UN: UN official says Ebola response must include efforts to bolster health systems

New York, US (PANA) - The President of the UN Economic and Social Council (ECOSOC), Martin Sajdik, has said that, while the priority is to stop the Ebola outbreak, measures must also ensure that the emergency response is linked to longer-term efforts to strengthen health systems in those countries hit the hardest.

Sajdik, who spoke at a press briefing at UN headquarters in New York late Thursday, said: "We have to get the response right", stressing that the pledges for the Ebola response must have sustainable impact on the ground and leave behind the foundation for a robust public health system.

He expressed his deepest sympathies to the families of the victims of the Ebola outbreak, and
commended the tireless efforts of health workers and the governments of the affected countries, namely Guinea, Liberia, Sierra Leone and Mali.

He noted that as follow-up on ECOSOC special meeting, tagged: "Ebola: A threat to sustainable development", he said the the Council intends to contribute to the process of defining a coordinated and comprehensive response to minimize the economic and social impact of the outbreak.

Sajdik also commended the leadership of UN Secretary-General Ban Ki-moon and the UN response through the Mission for Ebola Emergency Response (UNMEER).

"It is critical for the international community to join forces to address the multidimensional nature of the Ebola outbreak that threatens millions of the poorest and the most vulnerable, and sustained global action includes funding, technical assistance and management of resources in the affected countries," he said

The UN official also expressed concern over the low percentage of development aid being
disbursed through national systems in the affected countries, saying "Whenever possible, donors should be responsive to the financial needs defined by the government, including salary support for civil servants and front line health care workers."

He also stressed the need to consider debt relief and concessional loans for all affected countries.

On the proposed Centre for Disease Control and Prevention in Africa, Sajdik said it must be
equipped with the latest technologies necessary to provide immediate response to epidemics.

In addition, he said it is important to invest more resources in strengthening national institutions by investing directly through countries’ national institutions, while donors must prioritize the strengthening of its public sector, including health, education, sanitation and the economy, so as to safeguard affected countries against future crises.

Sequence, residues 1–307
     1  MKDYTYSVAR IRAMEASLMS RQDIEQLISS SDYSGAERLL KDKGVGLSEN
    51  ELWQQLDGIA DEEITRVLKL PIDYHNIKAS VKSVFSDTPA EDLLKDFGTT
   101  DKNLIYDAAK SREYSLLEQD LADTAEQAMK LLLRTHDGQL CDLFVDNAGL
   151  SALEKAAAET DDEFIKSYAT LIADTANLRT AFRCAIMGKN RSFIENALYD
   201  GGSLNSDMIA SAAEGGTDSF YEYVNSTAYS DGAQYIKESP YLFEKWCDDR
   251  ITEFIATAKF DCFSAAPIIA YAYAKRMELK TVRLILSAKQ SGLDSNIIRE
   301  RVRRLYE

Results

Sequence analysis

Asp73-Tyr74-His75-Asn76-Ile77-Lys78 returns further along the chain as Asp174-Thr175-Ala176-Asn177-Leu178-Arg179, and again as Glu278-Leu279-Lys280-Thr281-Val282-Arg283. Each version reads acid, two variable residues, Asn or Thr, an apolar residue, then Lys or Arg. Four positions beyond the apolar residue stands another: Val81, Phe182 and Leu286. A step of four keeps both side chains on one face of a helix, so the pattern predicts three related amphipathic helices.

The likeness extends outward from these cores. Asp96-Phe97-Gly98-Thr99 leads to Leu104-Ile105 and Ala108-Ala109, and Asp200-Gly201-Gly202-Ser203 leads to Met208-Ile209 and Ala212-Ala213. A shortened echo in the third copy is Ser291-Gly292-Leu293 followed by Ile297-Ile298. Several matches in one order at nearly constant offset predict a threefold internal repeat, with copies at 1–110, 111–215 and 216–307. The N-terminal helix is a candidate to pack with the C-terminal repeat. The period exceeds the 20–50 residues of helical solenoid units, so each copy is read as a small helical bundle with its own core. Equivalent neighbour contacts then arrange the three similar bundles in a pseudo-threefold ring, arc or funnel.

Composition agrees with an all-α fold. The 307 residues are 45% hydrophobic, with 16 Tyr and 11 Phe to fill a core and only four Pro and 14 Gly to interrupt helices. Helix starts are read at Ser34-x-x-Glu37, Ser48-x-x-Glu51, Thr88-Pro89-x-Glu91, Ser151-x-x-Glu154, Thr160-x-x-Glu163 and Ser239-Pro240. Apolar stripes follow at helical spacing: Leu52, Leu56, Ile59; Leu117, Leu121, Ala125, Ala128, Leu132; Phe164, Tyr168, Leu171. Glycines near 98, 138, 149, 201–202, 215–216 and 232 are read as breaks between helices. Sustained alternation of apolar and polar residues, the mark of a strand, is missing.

According to him: "This will allow us to build health systems capable of responding to
emergencies and of withstanding shocks such as Ebola."

Sajdik also proposed that the UN system, under the leadership of the UN Secretary-General,
should conduct a comprehensive study on the economic and social impact of the Ebola outbreak, building on the work being done by the Economic Commission for Africa, the World Bank and the UN Development Programme.

"This study, to be considered by the Council in a follow-up meeting in 2015, could be part
of a wider examination of all aspects of the impact of the Ebola outbreak. This study could
also be considered by other relevant United Nations bodies," he added.

Also, briefing reporters at UN headquarters in New York, Dr. David Nabarro said that having
returned from the region last week, he was inspired by the progress made in Ebola response
efforts compared to September.

He said the response differs from urban areas to rural areas, but the trend seems to be that
if communities are fully involved there is likely to be a reduction in number of cases.

"In eastern Sierra Leone, transmission has reduced, however, in the west of the country
including in the capital, Freetown, there is intense transmission and health workers are
trying to get the response moving quickly.

"Communities everywhere are beginning to understand their own role in curbing the
outbreak, and often there has to be a negotiation between responders and communities
because lack of communication could lead to distress and a complete breakdown of efforts,"
Nabarro stated.

The envoy also said that the thousands of people working as responders are "amazing",
saying: "They put their lives on the line every day."

He said it was heartening that Time Magazine just named Ebola health workers "Person of the
Year", but he is still troubled that many of the Ebola responders have died because of their
commitment to try to help others.

Regarding the private sector role, he said that "without business, recovery won’t happen",
and added that earlier today he had met with 200 business leaders to discuss how they
can help in Ebola recovery and rebuilding affected economies.

Also on Thursday, the UN Secretary-General Ban Ki-moon announced the appointment of
Mr. Ismail Ould Cheikh Ahmed of Mauritania as his new Special Representative and head

Mr. Ould Cheikh Ahmed succeeds Anthony Banbury of the US, who will return to New York
in early January 2015.

Ban expressed his gratitude to Mr. Banbury for his vision and leadership of UNMEER, and
for his commitment to fighting this outbreak.

In his role as Special Representative, Mr. Ould Cheikh Ahmed will work closely with the UN
Special Envoy on Ebola, Dr. David Nabarro, and with the governments in the region and
other partners.
-0- PANA AA/VAO 12Dec2014

12 december 2014 07:43:42

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